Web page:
Another day, another good friend. I asked him if he ever planned to move from the house he raised his children in, the same house he was raised in. I was just making conversation while we walked the neighborhood, but he surprised me by answering honestly. "No . . . unless I lose it." Later he tried to poo-poo what he'd said, but I know he's worried. He's self-employed and not only has his business yellowed and withered, but over the last several years the mysterious, successive medical disasters that have visited his family would overwhelm a plague doctor. And so would his insurance payments and prescription costs.
Yet another friend is hoping the bank that holds his mortgage is so overwhelmed with foreclosures they won't notice he hasn't met his payments for the last quarter, at least not until he can figure out a way to catch up. Or find a place to move his family. He's also self-employed and I've seen two separate emails from him lately outlining ways he can, with his friends' help, defibrillate his business. Because he's desperate.
My friends move forward and hope, but they're waiting for the other shoe to drop. As am I.
My husband is also self-employed and I teach part-time at a university. Needless to say, our work is coming in teaspoons these days--and so is the money. Luckily, we rent right now. Unluckily, we may be renting much longer than we had planned but we seem to be more secure than our neighbors and friends whose homes are on the block.
My neighbors are all educated people, highly educated even. But Utah Valley is full of highly educated people who can't afford to eat and pay their mortgages and pay utility bills and make their car payments and meet their insurance premiums and sock away three months worth of salary not to mention long-term savings, and help their children pay for college and missions and weddings, and . . . so on. Some blame low salaries or zero job opportunities in a place they love and want to live in, others are entrepreneurs whose markets dried up last fall, and still others have lost their jobs. But so many more bought homes they hoped to be able to afford in maybe 3-5 years, a risky and as it turns out tragic gamble. I hear that sad story most often in Utah Valley, which has seen a steep increase in real estate prices over the last 10 years. Now what's left after the neo-1920s speculative fury are brand new developments, in the heart of Provo and all over Utah Valley, full of beautiful expensive but empty homes. Twenty-first century ghost towns.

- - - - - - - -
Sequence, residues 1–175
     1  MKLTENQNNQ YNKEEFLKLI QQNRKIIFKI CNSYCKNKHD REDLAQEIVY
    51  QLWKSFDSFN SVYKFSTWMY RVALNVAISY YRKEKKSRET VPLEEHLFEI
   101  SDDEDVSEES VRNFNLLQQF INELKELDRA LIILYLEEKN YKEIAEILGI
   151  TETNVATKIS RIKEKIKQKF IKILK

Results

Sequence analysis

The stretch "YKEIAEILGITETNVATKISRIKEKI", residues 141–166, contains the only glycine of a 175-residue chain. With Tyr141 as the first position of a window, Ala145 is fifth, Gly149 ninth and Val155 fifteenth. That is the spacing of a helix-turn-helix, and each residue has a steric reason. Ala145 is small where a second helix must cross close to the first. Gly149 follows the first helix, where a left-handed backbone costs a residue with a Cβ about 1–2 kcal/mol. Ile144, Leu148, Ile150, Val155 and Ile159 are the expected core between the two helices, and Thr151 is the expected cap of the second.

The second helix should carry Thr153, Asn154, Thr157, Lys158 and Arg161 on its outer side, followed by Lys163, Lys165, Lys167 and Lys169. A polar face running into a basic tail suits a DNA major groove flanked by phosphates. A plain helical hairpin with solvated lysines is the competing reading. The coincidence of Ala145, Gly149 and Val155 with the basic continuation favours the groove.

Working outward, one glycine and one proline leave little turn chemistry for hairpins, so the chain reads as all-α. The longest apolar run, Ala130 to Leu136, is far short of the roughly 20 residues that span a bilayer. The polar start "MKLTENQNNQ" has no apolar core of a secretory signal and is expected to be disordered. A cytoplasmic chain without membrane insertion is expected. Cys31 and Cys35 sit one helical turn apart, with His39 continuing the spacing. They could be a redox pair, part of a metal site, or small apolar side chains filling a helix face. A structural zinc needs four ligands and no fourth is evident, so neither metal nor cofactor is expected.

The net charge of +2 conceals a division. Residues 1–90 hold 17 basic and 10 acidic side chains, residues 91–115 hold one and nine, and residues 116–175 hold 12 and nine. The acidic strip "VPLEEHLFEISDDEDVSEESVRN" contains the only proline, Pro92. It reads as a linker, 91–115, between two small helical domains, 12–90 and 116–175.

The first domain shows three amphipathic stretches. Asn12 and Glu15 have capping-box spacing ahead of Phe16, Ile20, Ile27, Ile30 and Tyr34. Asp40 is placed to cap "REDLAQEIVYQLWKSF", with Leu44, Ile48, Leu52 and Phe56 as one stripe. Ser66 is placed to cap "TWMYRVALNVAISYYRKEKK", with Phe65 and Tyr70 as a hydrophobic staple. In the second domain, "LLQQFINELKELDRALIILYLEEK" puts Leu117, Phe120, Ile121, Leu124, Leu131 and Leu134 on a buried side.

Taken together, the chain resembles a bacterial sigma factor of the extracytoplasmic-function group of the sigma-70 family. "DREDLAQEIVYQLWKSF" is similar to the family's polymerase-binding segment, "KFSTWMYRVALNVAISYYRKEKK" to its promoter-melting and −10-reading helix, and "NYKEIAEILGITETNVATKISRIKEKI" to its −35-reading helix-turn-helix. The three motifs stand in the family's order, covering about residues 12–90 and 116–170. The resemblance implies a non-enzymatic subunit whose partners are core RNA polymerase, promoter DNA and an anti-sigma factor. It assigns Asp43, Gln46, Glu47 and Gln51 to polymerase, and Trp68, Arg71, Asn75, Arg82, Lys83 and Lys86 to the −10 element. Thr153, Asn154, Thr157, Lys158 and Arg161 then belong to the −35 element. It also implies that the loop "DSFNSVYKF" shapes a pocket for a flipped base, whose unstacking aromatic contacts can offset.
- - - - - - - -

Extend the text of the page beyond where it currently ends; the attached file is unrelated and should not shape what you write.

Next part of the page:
So I shouldn't be surprised when I read that Utah County has one of the highest foreclosure rates in Utah; according to RealtyTrac (http://www.realtytrac.com/), 667 properties foreclosed in June in Utah County, which is about 1 in 207. That's a startling statistic for a predominantly LDS community whose fiscal ethic is conservative, whose mantra is "live within your means."
Sound advice, as it turns out.